18. Join the track indicated by the "Public Footpath Coombe" sign. Follow the track until you reach a cottage ahead with a gate marked "Private" with a stile to the left.

    The settlement of Halwyn was recorded in 1278 and is based on the Cornish words hel, meaning "hall", and gwyn, meaning "white". The settlement was formerly a farm which was still present in the 1970s.

  19. Climb the stile and follow along the left edge of the gravel area to pass to the left of the cottage and reach a waymarked gate on the far side. Turn right and follow along the line of trees a path up the bank to reach a gap between two wooden posts leading into the field.

    This area of the estuary contains wild oyster beds.

    Native oysters rarely produce pearls (Pearl Oysters live in warmer seas) although all molluscs theoretically can and most would be tiny. The commercial value from native oysters comes from eating them and it takes around 4-5 years for an oyster to reach full size.

  20. Go through the gap and turn left. Follow the grassy area along the bottom of the field to reach a waymarked stile at the far end.

    Bracken is a type of fern. Perhaps the easiest way to spot mature bracken plants is by their sturdy stem which acts a bit like the trunk of a tree with leaves going out horizontally from this. Other ferns leaves tend to grow directly out of the ground. Earlier in the year, bracken is recognisable by the fronds emerging from the ground singly rather than grouped in tufts.

    During Victorian times, Norwegian vessels of nearly a thousand tons anchored at Malpas and unloaded their cargoes of timber. These were formed into rafts, and floated to the terminus of the West Cornwall Railway, on the river bank, ready to be transported to the mining districts.

  21. Cross the stile and follow the path until it eventually emerges onto a lane.

    Roughly mid-way along the path are a number of patches of wild garlic. Possibly due to the sheltered, south-facing woodland, they seem to shoot quite early.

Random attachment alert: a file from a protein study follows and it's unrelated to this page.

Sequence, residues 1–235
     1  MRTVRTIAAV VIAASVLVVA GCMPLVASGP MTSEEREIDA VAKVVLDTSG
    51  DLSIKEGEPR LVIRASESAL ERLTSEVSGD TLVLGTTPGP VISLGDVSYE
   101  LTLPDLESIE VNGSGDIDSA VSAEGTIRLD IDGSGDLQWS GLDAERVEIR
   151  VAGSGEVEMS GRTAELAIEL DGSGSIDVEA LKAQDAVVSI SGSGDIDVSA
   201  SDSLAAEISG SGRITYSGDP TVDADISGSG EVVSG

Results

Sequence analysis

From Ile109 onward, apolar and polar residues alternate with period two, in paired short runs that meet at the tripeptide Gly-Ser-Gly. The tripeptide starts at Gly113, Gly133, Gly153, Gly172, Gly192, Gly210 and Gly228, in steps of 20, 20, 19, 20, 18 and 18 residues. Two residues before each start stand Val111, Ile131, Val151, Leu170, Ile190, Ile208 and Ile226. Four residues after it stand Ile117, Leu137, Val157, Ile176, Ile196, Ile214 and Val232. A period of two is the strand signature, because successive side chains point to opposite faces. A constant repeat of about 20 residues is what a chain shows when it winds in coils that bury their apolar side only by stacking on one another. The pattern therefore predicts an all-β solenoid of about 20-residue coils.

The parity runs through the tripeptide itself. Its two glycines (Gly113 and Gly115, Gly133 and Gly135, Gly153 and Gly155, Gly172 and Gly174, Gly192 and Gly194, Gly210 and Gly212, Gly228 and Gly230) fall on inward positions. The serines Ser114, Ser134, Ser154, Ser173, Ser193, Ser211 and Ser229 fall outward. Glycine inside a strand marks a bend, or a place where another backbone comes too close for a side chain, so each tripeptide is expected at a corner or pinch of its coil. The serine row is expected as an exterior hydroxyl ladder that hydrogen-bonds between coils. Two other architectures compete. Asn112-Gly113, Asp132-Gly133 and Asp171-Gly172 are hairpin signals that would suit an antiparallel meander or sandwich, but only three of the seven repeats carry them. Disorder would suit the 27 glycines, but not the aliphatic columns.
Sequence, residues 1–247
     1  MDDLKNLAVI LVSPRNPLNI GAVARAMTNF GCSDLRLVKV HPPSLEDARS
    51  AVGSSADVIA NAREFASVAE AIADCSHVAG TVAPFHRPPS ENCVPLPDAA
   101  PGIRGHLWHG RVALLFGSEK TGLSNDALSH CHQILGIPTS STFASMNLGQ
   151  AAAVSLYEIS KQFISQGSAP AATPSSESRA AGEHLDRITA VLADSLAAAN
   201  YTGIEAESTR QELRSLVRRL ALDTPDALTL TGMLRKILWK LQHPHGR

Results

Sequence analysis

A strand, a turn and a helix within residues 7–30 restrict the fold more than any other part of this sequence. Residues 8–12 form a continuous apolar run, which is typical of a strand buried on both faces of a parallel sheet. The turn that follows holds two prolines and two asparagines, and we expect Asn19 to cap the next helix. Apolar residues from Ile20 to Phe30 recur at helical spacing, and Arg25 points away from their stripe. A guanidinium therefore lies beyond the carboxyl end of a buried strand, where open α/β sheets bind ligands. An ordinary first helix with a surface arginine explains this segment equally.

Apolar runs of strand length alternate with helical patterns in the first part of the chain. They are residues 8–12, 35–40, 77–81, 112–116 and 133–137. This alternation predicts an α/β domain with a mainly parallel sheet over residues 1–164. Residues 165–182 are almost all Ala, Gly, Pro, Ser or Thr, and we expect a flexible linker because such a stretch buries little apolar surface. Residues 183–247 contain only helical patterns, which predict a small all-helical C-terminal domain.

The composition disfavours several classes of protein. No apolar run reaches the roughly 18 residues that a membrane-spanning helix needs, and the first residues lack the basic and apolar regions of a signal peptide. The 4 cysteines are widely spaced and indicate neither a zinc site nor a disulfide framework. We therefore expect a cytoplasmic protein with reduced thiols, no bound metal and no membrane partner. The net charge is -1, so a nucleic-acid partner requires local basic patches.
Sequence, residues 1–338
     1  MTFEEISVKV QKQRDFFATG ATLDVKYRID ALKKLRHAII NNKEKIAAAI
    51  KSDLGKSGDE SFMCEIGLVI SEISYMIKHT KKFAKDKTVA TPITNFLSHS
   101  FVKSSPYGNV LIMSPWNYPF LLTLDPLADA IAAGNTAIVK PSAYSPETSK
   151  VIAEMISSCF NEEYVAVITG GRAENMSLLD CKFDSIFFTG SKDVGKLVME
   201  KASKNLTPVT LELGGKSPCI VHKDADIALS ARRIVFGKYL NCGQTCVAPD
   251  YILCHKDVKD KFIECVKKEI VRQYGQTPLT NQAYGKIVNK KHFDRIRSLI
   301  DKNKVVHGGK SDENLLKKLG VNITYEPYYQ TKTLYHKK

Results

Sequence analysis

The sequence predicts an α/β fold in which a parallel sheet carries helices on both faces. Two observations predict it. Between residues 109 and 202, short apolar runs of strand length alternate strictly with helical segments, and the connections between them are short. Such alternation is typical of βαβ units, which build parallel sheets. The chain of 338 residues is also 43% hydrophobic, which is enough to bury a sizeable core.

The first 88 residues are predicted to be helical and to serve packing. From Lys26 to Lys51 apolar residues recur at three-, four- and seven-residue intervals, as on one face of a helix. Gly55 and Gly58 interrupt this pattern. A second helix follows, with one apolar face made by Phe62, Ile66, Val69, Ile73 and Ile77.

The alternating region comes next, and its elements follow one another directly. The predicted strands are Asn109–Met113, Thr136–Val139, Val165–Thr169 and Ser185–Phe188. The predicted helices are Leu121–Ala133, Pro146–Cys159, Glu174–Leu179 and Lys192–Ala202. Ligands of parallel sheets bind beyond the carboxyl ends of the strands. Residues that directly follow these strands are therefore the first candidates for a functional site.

Unlike their more versatile narrow-leaved cousins the three-cornered leeks, ramsons grow mainly in shady places such as woodland. Their broad leaves are solar panels that have evolved to capture the weak winter light early in the year before the trees are in leaf. They are an indicator that woodland is ancient and has provided a shady environment over a long period to colonise.

    There are two types of ivy leaf. Those on creeping stems are the classic ivy leaf shape with 3-5 triangular lobes - they grow towards shade to find a tree to climb up. However, more mature ivy plants grow aerial shoots with a completely different (teardrop) leaf shape. These are the shoots that bear the flowers and fruits and are typically located in a sunny spot such as on an upright ivy bush or top of a rock face. The reason for the different shapes is that the larger, multi-lobed leaves are able to catch more light in shady areas whereas the smaller, stouter leaves are more resistant to drying out.

  22. Turn right onto the lane and follow this back to Coombe beach.

    Tides in the Atlantic are closely aligned with the moon's position above the Earth which takes just under 25 hours on average to return to the same position; this is slightly more than 24, as the Earth has to chase the moon's orbit. The tides therefore "slip" by at just under an hour each day so that over a 7 day week, low tide and high tide have approximately changed places (e.g. no beach in the afternoon vs a huge beach in the afternoon). High tides occur every 12-13 hours when the moon is directly overhead or on the opposite side of the Earth and its gravity is pulling the water in the oceans towards it. There are therefore just over 6 hours between low and high tide. The speed with which the tide comes in or goes out follows a sine wave: slow at low tide, speeding up to the fastest at mid-tide (known as the "tide race", when currents are at their strongest) and slowing down again towards high tide. Thus high and low tides are also referred to as "slack tide" when tidal currents are at their minimum.

Help us with this walk

You can help us to keep this walk as accurate as it possibly can be for others by spotting and feeding back any changes affecting the directions. We'd be very grateful if could you look out for the following:

  • Any stiles, gates or waymark posts referenced in the directions which are no longer there
  • Any stiles referenced in the directions that have been replaced with gates, or vice-versa